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Heritable disorders of the RANKL/OPG/RANK signaling pathway.

Figure 7 summarizes the heritable disorders identified to date that directly involve the RANKL/OPG/RANK signaling pathway in humans. Activating mutations in TNFRSF11A encoding RANK and deactivating mutations in TNFRSF11B encoding OPG cause systemic bone disease (FEO, PDB2, ESH and JPD) featuring accelerated bone turnover, low bone mass, deafness early in life, and loss of dentition by enhancing signaling. No human disease has been identified involving defects in the TNFSF11 gene encoding RANKL. Despite genetic bases for these autosomal dominant and recessive conditions involving bone cell receptors, focal expansile osteolytic lesions are common and can occur perhaps from further local activation of osteoclast-mediated bone resorption following trauma. These disorders resemble PDB which can be inherited as an autosomal dominant trait with focal osteolytic disease, sometimes with deafness and tooth loss, and increasingly associated with mutations, but in other genes.[1]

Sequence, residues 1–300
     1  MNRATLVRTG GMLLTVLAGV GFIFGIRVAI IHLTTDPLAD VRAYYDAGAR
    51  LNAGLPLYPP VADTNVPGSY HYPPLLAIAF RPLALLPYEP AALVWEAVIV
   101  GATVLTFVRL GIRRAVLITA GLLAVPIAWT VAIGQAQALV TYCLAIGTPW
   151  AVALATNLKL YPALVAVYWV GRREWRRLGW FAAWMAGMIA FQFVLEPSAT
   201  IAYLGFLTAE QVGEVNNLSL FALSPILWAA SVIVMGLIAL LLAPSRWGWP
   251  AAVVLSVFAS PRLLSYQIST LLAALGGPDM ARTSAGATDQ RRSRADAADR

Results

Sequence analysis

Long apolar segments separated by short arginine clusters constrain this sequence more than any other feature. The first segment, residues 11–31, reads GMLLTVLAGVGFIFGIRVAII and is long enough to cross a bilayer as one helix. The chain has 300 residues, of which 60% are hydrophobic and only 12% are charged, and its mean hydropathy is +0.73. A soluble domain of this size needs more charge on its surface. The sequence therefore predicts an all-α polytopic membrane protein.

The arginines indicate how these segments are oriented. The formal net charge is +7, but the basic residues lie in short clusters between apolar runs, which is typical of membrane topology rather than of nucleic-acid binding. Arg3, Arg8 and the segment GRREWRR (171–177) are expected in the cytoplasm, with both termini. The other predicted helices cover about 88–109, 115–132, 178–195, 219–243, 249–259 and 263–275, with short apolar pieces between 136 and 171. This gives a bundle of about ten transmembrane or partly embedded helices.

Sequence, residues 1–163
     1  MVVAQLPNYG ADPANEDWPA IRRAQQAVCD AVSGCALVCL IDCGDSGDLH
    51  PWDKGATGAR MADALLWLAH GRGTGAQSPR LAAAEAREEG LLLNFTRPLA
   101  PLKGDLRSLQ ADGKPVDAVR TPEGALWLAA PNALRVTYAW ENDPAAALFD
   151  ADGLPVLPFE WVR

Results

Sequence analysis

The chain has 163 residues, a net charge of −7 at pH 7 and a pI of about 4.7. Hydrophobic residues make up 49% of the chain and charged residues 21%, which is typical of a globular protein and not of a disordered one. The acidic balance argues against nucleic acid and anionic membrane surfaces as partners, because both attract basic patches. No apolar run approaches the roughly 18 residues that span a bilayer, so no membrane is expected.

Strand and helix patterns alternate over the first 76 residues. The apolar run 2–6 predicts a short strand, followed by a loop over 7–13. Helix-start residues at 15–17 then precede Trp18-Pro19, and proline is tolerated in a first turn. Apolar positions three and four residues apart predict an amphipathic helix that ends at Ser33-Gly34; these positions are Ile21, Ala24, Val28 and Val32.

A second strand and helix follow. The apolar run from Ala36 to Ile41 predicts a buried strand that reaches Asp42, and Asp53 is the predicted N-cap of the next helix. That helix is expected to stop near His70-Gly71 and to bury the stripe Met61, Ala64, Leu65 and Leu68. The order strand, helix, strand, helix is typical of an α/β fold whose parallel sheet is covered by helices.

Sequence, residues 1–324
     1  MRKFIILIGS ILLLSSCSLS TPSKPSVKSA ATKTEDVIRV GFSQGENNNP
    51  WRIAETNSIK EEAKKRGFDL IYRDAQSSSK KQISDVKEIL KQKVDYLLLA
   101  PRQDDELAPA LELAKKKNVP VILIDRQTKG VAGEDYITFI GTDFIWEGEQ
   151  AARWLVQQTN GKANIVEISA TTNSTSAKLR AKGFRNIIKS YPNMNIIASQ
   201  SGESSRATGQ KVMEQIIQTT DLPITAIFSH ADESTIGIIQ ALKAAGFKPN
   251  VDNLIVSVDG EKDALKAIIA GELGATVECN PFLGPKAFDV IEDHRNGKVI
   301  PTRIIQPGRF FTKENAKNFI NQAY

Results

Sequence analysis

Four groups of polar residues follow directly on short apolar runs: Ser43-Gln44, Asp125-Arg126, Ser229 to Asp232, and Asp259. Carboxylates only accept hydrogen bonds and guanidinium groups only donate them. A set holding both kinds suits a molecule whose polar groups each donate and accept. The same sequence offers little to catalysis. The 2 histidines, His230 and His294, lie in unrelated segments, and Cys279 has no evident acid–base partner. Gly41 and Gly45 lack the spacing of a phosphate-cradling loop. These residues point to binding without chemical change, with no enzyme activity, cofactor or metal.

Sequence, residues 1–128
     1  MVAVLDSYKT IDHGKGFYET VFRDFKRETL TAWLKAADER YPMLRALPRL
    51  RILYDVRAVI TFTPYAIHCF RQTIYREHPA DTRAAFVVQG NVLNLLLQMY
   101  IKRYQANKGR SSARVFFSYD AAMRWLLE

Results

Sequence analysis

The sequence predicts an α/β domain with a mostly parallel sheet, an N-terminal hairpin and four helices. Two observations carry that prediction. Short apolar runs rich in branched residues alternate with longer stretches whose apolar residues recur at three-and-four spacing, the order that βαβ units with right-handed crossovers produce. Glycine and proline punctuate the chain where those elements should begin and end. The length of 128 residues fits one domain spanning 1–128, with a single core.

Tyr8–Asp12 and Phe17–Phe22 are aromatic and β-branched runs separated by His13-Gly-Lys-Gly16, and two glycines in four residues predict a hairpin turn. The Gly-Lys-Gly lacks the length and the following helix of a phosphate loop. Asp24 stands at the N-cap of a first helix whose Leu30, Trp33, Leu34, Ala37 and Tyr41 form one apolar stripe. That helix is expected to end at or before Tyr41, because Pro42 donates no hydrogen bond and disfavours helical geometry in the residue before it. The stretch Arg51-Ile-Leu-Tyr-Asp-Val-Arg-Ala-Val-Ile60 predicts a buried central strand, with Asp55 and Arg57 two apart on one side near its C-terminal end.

1. Heritable disorders of the RANKL/OPG/RANK signaling pathway. Whyte, M.P., Mumm, S. Journal of musculoskeletal & neuronal interactions. (2004) [Pubmed]
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